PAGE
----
Retired Policeman Says Taiwan Authorities Tortured Murder Suspect into Confessing

Retired Policeman Says Taiwan Authorities Tortured Murder Suspect into Confessing
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What you need to know

This policeman talked to Qiu before, asking him why he confessed to the crime. Qiu said it was because the police tortured him, so he had to plead guilty first and then the court would grant him justice in the trial afterwards. However, the court never allowed him to reverse his confession.

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Four years ago, Qiu He-shun was sentenced to death after being accused of kidnapping and killing a boy in 1987.

Due to many questionable points and police torture involved in the case, the Judicial Reform Foundation has made three extraordinary appeals for Qiu and both calls for retrials were rejected. On June 9, the foundation used “two policemen heard the wailing of Qiu being tortured" as a piece of new evidence to issue a retrial for Qiu for the third time, but the Taiwan High Court rejected it once again on June 22.

Qiu’s case is the criminal case with the longest period of custody in Taiwan’s judicial history. (Nearly 23 years in custody, starting from being put in custody in September of 1988 to affirming the conviction at the end of July, 2011) This is very rare, even internationally.

On September 9, Next Magazine published an interview with a retired policeman, who revealed what he had witnessed regarding Qiu’s case when he was still on the job. He believes that Qiu is innocent.

The policeman says that when he first joined the police, his mother warned him to keep a good reputation and to not mess around. Keeping these words in mind, he refused the temptations that came along with being a policeman.

But there is one thing that troubles him all the time, which is Qiu’s case. He says that when his unit was sent to assist the case, they could not find the body and the weapon for a long time, but the case was still announced as solved. He often heard Qiu wailing from being tortured in the next room.

This policeman talked to Qiu before, asking him why he confessed to the crime. Qiu said it was because the police tortured him, so he had to plead guilty first and then the court would grant him justice in the trial afterwards. However, the court never allowed him to reverse his confession.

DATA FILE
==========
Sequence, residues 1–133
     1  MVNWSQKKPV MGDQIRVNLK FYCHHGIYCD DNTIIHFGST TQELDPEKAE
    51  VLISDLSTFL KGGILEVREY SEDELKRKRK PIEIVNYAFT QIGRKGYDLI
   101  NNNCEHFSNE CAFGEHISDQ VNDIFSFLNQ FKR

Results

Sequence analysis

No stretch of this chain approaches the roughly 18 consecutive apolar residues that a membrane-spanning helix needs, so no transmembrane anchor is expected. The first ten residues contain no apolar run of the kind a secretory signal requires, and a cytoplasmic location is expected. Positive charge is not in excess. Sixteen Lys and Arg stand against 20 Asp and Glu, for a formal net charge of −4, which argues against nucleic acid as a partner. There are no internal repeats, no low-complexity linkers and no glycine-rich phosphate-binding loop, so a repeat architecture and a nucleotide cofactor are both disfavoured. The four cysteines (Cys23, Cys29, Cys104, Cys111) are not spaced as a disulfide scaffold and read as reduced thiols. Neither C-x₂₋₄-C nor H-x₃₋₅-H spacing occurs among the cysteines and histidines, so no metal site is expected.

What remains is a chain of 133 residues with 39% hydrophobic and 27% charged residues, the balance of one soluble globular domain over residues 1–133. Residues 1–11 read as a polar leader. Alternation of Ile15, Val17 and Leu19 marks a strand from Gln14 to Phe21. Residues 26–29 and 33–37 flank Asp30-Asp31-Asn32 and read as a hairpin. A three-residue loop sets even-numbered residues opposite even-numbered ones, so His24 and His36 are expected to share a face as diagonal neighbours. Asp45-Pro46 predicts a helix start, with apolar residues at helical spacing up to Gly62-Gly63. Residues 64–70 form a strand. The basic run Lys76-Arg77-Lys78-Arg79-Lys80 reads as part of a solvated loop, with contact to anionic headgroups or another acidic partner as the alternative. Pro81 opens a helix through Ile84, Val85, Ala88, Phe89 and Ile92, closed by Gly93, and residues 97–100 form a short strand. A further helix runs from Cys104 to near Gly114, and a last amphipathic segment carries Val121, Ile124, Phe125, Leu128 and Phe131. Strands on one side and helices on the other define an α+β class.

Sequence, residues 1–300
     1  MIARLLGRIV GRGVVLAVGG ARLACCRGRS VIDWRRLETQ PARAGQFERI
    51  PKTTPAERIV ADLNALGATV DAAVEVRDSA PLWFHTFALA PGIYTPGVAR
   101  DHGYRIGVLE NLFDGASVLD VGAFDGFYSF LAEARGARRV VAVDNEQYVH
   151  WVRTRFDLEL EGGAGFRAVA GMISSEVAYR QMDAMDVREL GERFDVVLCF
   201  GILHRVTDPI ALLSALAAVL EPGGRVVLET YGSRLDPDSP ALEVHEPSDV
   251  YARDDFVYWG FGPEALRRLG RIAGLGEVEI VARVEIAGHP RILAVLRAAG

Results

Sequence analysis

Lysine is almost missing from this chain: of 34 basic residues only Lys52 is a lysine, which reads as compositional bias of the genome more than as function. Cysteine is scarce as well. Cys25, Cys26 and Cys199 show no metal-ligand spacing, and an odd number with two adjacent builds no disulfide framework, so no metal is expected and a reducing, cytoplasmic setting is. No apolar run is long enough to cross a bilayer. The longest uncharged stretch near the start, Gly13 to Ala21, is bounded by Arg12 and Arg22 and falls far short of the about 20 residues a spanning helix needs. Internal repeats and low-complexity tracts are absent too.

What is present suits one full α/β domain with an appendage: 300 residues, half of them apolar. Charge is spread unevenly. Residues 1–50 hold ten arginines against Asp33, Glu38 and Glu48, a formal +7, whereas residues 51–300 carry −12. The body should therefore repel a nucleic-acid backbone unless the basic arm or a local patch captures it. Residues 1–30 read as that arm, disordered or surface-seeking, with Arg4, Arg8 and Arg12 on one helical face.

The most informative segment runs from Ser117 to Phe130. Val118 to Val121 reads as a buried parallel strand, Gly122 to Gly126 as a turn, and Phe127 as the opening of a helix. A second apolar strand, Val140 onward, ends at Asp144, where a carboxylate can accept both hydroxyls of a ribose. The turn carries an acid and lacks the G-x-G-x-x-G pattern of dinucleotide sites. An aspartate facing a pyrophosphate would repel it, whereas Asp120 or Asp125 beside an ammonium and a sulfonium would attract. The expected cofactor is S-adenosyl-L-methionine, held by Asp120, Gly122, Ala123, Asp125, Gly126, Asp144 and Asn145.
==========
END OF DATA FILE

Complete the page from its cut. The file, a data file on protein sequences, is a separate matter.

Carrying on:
The policeman says, everybody knew that Qiu was not the murderer, but in fear of getting in the way of superiors, they were all reluctant to speak up. He did not expect that Qiu would be put in custody for 23 years and sentenced to death. Now that he is retired, he doesn’t want to stay silent anymore, so he called the Judicial Reform Foundation. However, the judge was not willing to summon him to court.

Whenever there’s an execution being conducted, the policeman will carefully read the list and only feel relieved after he sees that Qiu’s name is not on the list.

Having seen the case of Xu Zi-Qiang, who was also in custody for 20 years, absolved after nine retrials recently, the policeman says, “I wonder if there is still hope (for Qiu)?"

On June 22, the High Court rejected the Judicial Reform Foundation’s issue of retrial. The Foundation issued a statement saying that two retired police officers made it clear that in the process of co-investigation with the Criminal Investigation Division of Taipei City Police Department, they repeatedly heard the screams and sounds of someone being hit. Therefore, the investigation should reopen for a retrial procedure.

The Judicial Reform Foundation also criticizes, “All the retrials are presented with new evidence to alter the original investigation. The main reason for the High Court’s rejection is the police torture part has been investigated already, so there’s no need for re-investigation. This is logically ridiculous."

Huang Wei-ting, executive secretary of the Judicial Reform Foundation, issued an article on Apple Daily, saying that Qiu’s case took place at the end of the martial law, the era of the hidden totalitarianism extorting confessions by torturing. It’s indeed proof of how totalitarianism still has huge influences on the judicial system. This case is the key to see if social justice and the credibility of justice can be carried out.

He further states that this case is an examination to our judicial system to see if they fully understand their responsibility since they have the final say. The justice’s decision can hugely influence one’s life. Whether the government can meet with the people’s expectations, balance public opinions and realize judicial justice, will impact the government’s determination to implement policies regarding transitional justice.

Translated by Vic and June
Edited by Olivia Yang

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